• 9. See Louise Burkhart, “Flowery Heaven: The Aesthetic of Paradise in Nahuatl Devotional Literature,” RES: Anthropology and Aesthetics 21 (Spring 1992): 90.
  • 10. Real Academia de la Historia Manuscript, ms. 9-c-103, folio 308v; my transcription and translation. My attribution of both passages to the same scribe is based on comparison of the handwriting in the original document, which contains distinctive letter formations that strongly suggest that they belong to the same hand.
  • 11. See Albert B. Lord, “Homer, Parry, and Huso,” American Journal of Archaeology 52, no. 1 (Jan.–Mar. 1948): 34–44. I am grateful to the article’s first anonymous reviewer for suggesting this connection.
  • 12. Stephen Houston and Karl Taube, “An Archaeology of the Senses: Perception and Cultural Expression in Ancient Mesoamerica,” Cambridge Archaeological Journal 10, no. 2 (2000): 287.
Seeing Within Landscape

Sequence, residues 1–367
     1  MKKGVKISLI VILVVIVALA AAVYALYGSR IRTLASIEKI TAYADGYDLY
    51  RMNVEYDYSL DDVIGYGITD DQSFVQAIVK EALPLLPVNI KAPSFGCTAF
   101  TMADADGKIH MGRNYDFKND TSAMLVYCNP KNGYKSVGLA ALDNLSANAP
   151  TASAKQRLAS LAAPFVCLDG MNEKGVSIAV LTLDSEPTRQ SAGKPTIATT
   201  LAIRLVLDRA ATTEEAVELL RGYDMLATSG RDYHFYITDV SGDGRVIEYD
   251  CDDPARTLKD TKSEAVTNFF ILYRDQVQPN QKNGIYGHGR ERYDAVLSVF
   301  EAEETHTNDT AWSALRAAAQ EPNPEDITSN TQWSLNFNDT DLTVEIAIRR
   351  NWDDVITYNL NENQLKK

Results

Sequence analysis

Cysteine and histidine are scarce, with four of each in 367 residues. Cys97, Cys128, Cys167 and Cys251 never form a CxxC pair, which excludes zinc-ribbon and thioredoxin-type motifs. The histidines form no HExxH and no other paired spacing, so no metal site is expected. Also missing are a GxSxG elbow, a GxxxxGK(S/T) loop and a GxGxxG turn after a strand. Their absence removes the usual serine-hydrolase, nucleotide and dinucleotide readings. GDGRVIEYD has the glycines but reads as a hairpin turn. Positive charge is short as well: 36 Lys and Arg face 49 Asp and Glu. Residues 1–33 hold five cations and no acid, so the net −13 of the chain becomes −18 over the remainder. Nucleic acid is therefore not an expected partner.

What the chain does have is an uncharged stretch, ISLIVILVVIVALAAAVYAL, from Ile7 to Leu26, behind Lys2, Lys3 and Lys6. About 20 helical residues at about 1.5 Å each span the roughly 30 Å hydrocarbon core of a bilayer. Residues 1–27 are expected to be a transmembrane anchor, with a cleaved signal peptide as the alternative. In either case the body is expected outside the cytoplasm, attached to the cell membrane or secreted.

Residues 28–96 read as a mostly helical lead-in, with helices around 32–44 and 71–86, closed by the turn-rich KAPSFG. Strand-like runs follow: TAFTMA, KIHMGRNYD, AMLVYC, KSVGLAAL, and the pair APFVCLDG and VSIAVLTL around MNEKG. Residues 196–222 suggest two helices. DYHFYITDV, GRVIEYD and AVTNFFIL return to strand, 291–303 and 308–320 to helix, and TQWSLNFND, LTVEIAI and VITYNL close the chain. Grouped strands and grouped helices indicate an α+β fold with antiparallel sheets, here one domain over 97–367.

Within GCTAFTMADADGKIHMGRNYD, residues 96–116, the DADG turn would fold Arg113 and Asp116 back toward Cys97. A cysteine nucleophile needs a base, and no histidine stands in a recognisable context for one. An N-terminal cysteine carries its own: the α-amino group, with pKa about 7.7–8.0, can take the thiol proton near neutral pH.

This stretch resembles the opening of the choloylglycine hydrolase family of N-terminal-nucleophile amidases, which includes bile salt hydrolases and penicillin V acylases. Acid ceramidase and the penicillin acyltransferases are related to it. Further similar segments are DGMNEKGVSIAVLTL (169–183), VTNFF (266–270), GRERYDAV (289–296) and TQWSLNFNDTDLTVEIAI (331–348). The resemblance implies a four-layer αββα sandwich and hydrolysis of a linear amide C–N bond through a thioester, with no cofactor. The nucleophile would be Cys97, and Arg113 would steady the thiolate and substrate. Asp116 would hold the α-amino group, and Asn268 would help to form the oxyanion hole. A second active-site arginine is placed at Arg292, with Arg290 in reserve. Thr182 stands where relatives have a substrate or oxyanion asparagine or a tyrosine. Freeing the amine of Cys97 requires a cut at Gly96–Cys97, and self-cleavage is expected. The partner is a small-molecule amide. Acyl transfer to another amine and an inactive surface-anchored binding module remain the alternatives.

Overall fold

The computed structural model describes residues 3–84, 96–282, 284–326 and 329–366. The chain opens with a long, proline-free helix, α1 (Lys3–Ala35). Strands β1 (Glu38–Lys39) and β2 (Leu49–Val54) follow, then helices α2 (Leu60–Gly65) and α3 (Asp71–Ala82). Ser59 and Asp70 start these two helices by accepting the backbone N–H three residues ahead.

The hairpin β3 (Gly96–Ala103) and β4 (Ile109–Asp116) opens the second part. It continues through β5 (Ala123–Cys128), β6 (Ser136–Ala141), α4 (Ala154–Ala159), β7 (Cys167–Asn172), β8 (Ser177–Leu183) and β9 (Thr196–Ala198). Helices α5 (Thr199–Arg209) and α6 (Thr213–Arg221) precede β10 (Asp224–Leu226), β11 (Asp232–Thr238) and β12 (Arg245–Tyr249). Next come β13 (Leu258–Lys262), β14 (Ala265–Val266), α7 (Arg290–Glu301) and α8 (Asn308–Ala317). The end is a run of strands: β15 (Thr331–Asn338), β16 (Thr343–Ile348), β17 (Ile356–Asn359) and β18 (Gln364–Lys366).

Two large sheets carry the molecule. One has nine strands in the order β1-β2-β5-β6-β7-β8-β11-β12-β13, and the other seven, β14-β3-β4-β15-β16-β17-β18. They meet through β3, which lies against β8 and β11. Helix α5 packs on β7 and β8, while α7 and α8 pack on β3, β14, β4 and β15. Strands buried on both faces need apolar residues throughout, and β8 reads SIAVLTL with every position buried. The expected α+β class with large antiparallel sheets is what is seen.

Readings of the Florentine Codex episode as documenting a human prospecting technique have often implicitly drawn on a culturally specific, Western concept of landscape as a visual practice. In this construction, which originated in the Renaissance, human subjects both bring the landscape into being and possess it through their gaze. In this Western tradition, Denis Cosgrove has argued, “the landscape idea represents a way of seeing—a way in which some Europeans have represented to themselves and to others the world about them and their relationships with it.”1 As Dianne Harris and D. Fairchild Ruggles write, this way of seeing draws heavily upon certain visual and representational strategies, most notably single-point perspective, which centers vision in a privileged vantage point, from which space is conceived of as infinitely visible.2 In this form of surveillance, “the viewer brings a landscape into being but remains unseen, and therefore is imbued with a globalizing sense of totality.”3 In this approach to landscape, the act of viewing constructs a relationship between viewer and viewed that defines one as subject and the other as object. Viewing thereby reinforces the different ontologies of viewer and viewed, constituting the former as set apart from the external world, which they can know only through the filters of perception, comprehension, and desire. In this way, “vision does not unite subject with object so much as it discloses the eternal chasm between them.”4 This Western act of viewing simultaneously enacts a relationship of epistemic and economic possession, constructing the environment as a resource for human use.5 These theorizations of landscape as a tradition in which vision, subjectivity, and domination are intricately interwoven thus designates landscape as a prime site of Western ideology.